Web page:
Our Memories of War project, supported by the Heritage Lottery Fund, saw teams of students from Royal Holloway interviewing local residents with memories of the Second World War and more recent conflicts, dramatising Boer and First World War letters and then editing the resulting footage to create thematic micro-documentaries for local schools. The interviews and documentaries were showcased various events including a special screening at Vue Cinema in Staines as well as forming core of Egham Museum’s November 2014 to May 2015 ‘Egham at War’ exhibition. The project, run in partnership with Royal Holloway’s Community Action, also involved student volunteers receiving training and mentorship in conducting oral history interviews, film-making and editing, publicity, curating an exhibition and planning and managing events.

Professor Sarah Ansari, Royal Holloway, wrote:

“This is an extremely innovative and very timely project that will allow Royal Holloway students as well as other local young people to engage with their community’s histories and, in the process, to enrich their own lives. … The project will also develop valuable practical skills and help build personal confidence, both of which are valuable for whatever future careers await them. At Royal Holloway we have a strong commitment to applying History in a public context rather than simply disseminating it, and so we welcome this project precisely because its ambitions encapsulate our own about what can achieved by community-led projects and academic departments in active constructive partnerships.”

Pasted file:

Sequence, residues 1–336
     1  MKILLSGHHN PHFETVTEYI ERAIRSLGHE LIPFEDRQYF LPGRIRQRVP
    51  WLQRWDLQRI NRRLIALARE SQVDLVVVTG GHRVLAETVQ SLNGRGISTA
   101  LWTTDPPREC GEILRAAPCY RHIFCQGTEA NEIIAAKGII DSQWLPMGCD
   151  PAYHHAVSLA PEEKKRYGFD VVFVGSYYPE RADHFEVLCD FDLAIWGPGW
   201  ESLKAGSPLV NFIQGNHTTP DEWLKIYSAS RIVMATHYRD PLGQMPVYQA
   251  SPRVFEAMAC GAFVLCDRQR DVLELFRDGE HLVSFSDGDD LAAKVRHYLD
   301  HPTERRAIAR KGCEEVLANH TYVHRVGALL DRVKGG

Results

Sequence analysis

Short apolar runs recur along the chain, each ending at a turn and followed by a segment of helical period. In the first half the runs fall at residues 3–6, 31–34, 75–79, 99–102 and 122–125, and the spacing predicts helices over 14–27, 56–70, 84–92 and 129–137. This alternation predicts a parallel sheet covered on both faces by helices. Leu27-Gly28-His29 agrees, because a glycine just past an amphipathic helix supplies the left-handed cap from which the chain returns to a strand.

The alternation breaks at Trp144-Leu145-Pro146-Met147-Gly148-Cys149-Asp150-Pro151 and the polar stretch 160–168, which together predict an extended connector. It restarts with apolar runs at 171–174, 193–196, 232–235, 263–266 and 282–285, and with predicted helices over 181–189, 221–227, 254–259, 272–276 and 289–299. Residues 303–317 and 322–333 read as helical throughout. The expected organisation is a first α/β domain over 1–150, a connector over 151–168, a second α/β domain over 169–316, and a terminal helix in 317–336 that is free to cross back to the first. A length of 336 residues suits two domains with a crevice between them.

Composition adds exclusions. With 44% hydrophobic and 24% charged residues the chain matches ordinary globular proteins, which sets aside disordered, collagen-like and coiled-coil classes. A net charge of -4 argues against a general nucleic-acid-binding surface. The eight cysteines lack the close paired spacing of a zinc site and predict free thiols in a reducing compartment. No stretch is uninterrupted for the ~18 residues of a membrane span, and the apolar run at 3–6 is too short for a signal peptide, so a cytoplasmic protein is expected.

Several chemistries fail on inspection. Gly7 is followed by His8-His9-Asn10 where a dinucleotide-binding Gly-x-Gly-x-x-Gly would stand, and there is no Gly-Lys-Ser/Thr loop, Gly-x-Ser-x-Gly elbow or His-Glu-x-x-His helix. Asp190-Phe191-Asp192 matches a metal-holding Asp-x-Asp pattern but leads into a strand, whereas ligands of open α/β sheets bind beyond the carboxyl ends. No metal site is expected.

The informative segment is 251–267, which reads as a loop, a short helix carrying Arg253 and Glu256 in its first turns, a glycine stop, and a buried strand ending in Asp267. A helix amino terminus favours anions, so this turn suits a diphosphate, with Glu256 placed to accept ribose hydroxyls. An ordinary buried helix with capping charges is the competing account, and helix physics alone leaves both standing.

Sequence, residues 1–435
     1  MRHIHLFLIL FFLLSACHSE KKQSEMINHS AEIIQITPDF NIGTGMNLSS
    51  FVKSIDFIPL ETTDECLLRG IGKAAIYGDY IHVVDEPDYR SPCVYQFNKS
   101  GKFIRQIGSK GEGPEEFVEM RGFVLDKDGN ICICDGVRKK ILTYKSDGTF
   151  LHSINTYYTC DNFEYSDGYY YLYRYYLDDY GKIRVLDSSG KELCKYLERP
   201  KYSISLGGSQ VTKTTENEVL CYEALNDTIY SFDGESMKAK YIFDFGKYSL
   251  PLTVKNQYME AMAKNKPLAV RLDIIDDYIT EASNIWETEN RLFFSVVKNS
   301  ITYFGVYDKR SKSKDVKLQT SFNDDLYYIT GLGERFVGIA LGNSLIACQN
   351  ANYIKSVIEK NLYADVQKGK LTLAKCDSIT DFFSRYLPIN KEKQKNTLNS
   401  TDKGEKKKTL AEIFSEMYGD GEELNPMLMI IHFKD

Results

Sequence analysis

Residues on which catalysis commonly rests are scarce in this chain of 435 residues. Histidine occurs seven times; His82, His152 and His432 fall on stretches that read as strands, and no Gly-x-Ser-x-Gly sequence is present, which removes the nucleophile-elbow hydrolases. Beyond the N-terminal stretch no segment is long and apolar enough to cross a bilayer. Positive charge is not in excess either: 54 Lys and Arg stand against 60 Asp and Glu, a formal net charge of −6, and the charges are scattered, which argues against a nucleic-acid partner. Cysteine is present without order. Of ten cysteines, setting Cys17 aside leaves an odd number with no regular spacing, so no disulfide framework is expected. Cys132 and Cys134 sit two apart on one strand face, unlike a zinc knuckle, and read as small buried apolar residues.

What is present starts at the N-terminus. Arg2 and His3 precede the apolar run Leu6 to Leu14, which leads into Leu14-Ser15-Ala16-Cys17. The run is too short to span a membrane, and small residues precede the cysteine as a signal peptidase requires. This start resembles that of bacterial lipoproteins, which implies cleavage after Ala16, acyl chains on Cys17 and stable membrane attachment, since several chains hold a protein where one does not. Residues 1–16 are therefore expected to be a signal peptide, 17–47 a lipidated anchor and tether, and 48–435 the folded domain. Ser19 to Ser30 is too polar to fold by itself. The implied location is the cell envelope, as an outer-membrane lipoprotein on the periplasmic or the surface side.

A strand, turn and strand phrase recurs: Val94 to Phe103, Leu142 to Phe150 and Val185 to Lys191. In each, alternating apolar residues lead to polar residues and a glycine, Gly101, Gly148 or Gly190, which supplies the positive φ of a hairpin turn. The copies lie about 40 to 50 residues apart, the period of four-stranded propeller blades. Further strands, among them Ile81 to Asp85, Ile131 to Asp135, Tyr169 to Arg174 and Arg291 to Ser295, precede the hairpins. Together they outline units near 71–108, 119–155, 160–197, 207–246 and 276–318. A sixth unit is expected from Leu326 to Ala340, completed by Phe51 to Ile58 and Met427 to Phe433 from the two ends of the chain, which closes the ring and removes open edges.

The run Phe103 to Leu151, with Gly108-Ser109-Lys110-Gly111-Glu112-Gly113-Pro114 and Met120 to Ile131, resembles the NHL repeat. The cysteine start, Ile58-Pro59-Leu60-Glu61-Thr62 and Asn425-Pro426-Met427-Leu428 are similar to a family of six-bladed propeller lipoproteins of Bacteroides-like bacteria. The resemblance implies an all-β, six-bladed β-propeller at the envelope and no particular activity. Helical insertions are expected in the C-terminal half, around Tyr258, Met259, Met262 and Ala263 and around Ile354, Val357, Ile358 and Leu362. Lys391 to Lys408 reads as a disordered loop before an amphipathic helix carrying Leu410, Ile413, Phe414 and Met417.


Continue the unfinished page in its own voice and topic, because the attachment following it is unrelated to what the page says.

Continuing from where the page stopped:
Stuart McLeod, the Head of the Heritage Lottery Fund for the South East, agreed:

“We are delighted to support such an innovative project that will spark a real interest from young people in exploring our wartime heritage. They will not only become more knowledgeable about war in modern times and the important role local people played in these conflicts but will also learn new skills which will help equip them for the future.”

As the pilot project, funded by Heathrow Community Fund, part of BAA Communities Trust, demonstrated though, it is not just skills and experience that volunteers gain. As project volunteer Bill Thisdell writes:

“I came onto the project simply hoping to practise and develop my skills in film making, but during my time working with the team I have gained so much more. Listening to the rich, vibrant stories of our contributors has been a privilege and confirmed to me that it is worthwhile to document our history from first-hand accounts while they are still available. To lose these personal histories would be to forsake ourselves.”

The project is also proving to be a moving and valuable experience for interviewees. At the time of the pilot project the then Social Events Coordinator at Merlewood Residential Care Home, Daniel O’Reilly, wrote:

“We are delighted with our Residents recent involvement with the ‘Memories of war’ pilot project which has proved a highly valuable experience on many levels. The project has provided a fantastic opportunity for reminiscence therapy offering a platform for our Residents to recollect valuable memories. The interview format has also helped promote communication and has encouraged self expression. … We thank the volunteers of Egham Museum for providing our elderly Residents with a platform for restoring their sense of significance and reminding them of their personal value.”

As a teaching museum, one that specialises in providing placements and opportunities for young people to develop skills and gain experience, this is precisely the type of student-led project we aim to enable. It not only engages with and values the life stories of older and sometimes more marginalised members of our community and produces educational resources for local schools but for the team of students taking part in the project it provides excellent experience and a clear sense of achievement. Furthermore, like our Magna Carta in Egham project, this typifies the new approach we are taking at Egham Museum, with its focus on community engagement and stress that a museum is more than the sum of the contents of its display cases. Museums can, and should, be creative and experimental in how they bring history alive.